The Saegusa–Ito oxidation is a chemical reaction used in organic chemistry. It was discovered in 1978 by Takeo Saegusa and Yoshihiko Ito as a method to introduce α-β unsaturation in carbonyl compounds. The reaction as originally reported involved formation of a silyl enol ether followed by treatment with palladium(II) acetate and benzoquinone to yield the corresponding enone. The original publication noted its utility for regeneration of unsaturation following 1,4-addition with nucleophiles such as organocuprates.
For acyclic substrates the reaction yields the thermodynamic E-olefin product exclusively.
This discovery was preceded nearly eight years earlier by a report that treatment of unactivated ketones with palladium acetate yielded the same products in low yields. The major improvement provided by Saegusa and Ito was the recognition that the enol form was the reactive species, developing a method based on silyl enol ethers.
Benzoquinone is actually not a necessary component for this reaction; its role is to regenerate palladium(II) from its reduced form palladium(0), so that a smaller amount of expensive palladium(II) acetate is required at the beginning. The reaction conditions and purifications could be easily simplified by just using excess of palladium(II) acetate without benzoquinone, while at a much higher cost. Since the reaction typically employs near-stoichiometric amounts of palladium and is therefore often considered too expensive for industrial usage, some progress has been made in the development of catalytic variants. Despite this shortcoming, the Saegusa oxidation has been used in a number of syntheses as a mild, late-stage method for introduction of functionality in complex molecules.
The mechanism of the Saegusa–Ito oxidation involves coordination of palladium to the enol olefin followed by loss of the silyl group and formation of an oxoallyl-palladium complex. β-hydride elimination yields the palladium hydride enone complex which upon reductive elimination yields the product along with acetic acid and Pd0. The reversibility of the elimination step allows equilibration, leading to the thermodynamic E-selectivity in acyclic substrates. It has been shown that the product can form a stable Pd0-olefin complex, which may be responsible for the difficulty with re-oxidation seen in catalytic variants of the reaction.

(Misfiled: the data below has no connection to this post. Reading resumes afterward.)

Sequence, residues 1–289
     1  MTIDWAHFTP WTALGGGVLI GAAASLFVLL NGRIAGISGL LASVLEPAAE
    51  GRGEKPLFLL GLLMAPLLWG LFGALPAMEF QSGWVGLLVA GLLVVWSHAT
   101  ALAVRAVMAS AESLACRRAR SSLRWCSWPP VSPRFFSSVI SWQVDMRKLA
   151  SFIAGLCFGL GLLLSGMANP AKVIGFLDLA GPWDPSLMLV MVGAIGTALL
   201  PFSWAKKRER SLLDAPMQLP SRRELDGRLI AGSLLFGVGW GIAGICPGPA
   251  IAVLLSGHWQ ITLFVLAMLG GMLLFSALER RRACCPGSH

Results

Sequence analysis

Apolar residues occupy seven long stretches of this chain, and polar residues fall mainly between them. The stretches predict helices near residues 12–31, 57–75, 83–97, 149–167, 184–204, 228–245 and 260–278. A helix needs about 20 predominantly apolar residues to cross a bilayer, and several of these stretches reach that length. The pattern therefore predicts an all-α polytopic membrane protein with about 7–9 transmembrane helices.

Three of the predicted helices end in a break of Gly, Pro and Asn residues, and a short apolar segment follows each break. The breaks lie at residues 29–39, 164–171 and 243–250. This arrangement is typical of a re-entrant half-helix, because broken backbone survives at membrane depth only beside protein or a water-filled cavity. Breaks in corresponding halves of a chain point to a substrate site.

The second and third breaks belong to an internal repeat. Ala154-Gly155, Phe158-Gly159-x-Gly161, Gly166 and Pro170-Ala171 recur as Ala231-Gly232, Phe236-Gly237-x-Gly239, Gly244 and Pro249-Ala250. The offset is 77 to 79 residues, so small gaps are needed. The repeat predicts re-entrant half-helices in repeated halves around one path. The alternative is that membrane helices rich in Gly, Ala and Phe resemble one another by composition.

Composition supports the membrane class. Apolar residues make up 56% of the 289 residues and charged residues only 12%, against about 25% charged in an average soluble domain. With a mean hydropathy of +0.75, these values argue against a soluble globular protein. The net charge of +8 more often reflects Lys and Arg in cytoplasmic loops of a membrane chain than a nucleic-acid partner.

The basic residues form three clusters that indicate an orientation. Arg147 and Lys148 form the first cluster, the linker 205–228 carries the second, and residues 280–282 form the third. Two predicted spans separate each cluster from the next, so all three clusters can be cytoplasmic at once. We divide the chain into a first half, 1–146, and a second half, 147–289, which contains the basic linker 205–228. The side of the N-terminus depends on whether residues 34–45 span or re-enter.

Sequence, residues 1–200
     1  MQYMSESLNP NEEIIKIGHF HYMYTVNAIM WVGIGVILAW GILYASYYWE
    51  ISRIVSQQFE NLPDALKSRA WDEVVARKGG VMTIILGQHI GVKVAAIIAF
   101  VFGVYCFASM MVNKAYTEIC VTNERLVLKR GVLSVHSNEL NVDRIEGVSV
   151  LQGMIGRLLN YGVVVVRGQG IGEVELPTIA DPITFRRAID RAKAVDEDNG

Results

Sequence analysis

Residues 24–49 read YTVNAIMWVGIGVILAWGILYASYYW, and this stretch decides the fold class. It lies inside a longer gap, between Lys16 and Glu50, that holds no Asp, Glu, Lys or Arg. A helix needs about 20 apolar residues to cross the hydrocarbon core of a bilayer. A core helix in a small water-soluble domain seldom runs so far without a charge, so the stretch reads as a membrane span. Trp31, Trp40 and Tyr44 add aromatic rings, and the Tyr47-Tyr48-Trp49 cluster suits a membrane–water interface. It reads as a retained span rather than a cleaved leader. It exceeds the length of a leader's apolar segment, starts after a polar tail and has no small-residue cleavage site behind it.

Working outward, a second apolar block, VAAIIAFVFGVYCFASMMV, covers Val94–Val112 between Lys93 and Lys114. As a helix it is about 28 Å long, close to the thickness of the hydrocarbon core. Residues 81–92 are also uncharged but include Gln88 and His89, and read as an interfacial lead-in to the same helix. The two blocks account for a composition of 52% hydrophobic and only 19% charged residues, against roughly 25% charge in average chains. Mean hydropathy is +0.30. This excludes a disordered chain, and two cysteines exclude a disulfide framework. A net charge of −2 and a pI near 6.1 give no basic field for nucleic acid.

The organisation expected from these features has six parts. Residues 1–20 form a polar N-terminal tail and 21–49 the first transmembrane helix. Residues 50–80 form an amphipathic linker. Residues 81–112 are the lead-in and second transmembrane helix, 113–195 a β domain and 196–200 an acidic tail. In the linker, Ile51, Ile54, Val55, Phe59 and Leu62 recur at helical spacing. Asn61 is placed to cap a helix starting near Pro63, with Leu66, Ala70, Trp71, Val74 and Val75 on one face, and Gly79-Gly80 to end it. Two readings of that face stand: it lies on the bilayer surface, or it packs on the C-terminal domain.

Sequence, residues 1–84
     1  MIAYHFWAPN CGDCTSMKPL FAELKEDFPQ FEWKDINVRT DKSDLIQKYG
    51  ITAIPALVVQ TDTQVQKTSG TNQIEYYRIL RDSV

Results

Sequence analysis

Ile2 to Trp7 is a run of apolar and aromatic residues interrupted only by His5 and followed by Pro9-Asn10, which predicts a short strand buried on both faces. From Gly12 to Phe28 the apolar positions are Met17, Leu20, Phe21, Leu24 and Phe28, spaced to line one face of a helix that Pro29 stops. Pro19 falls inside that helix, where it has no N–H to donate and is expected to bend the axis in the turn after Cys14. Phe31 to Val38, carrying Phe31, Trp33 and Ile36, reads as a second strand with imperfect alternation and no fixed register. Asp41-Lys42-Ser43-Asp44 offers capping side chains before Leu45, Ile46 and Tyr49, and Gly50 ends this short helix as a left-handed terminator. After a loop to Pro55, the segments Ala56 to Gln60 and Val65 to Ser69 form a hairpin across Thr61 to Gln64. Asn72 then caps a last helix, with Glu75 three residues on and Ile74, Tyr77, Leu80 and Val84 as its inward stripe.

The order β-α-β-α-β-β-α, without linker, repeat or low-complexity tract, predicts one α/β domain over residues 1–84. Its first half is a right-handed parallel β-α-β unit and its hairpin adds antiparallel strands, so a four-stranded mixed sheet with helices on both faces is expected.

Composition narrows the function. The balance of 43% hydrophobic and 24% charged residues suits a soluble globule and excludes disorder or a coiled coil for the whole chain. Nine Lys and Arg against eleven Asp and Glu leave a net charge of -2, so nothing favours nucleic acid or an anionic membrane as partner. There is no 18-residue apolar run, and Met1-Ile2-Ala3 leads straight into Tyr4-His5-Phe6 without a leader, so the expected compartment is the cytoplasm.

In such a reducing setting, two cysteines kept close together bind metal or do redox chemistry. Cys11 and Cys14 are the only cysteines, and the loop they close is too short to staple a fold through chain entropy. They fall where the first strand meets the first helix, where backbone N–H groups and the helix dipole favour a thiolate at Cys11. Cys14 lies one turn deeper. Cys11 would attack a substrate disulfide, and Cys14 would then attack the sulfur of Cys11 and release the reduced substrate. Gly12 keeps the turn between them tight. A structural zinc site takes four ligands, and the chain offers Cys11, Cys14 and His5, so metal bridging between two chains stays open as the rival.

The wide applicability of the Saegusa–Ito oxidation is exemplified by its use in several classic syntheses of complex molecules. The synthesis of morphine by Tohru Fukuyama in 2006 is one such example, in which the transformation tolerates the presence of carbamate and ether substituents.
Samuel J. Danishefsky's synthesis of both (+) and (-) peribysin began with a Saegusa–Ito oxidation of the Diels-Alder adduct of carvone and 3-trimethylsilyloxy-1,3-butadiene to yield the enone below. In this case the oxidation tolerated the presence of alkene and carbonyl moieties.
The synthesis of sambutoxin reported by David Williams uses a novel Saegusa–Ito oxidation involving an unprotected enol moiety. The enone product cyclized in situ to regenerate the enol and form the tetrahydropyran ring. Subsequent deprotection of the methoxymethyl group furnished the natural product.
The vast majority of improvements to this reaction have focused on rendering the transformation catalytic with respect to the palladium salt, primarily due to its high cost. The original conditions, though technically catalytic, still require 50 mol% of palladium(II) actetate, raising the cost to prohibitively high levels for large scale syntheses.
The major advances in catalytic versions of this reaction have steered towards co-oxidants that regenerate the palladium(II) species effectively. Specifically, conditions using atmospheric oxygen as well as stoichiometric allylcarbonate have been developed.
With respect to the former, the method developed by Larock in 1995 represents an environmentally and cost-attractive method as a catalytic substitute for the Saegusa–Ito oxidation.
This method suffers from long reaction times and often produces significantly lower yields than the stoichiometric equivalent as showcased in the synthesis of platyphillide by Nishida. The contrast of the two methods highlights the catalytic method's shortcomings.
Catalytic variants employing stoichiometric diallylcarbonate and other allylic carbonates have also been developed, primarily by Jiro Tsuji. For these the choice of solvent is essential: nitrile solvents produce the desired enones while ethereal solvents produce α-allylketones instead.
Despite these methods, much work remains to be done with regard to catalytic installation of α-β unsaturation.
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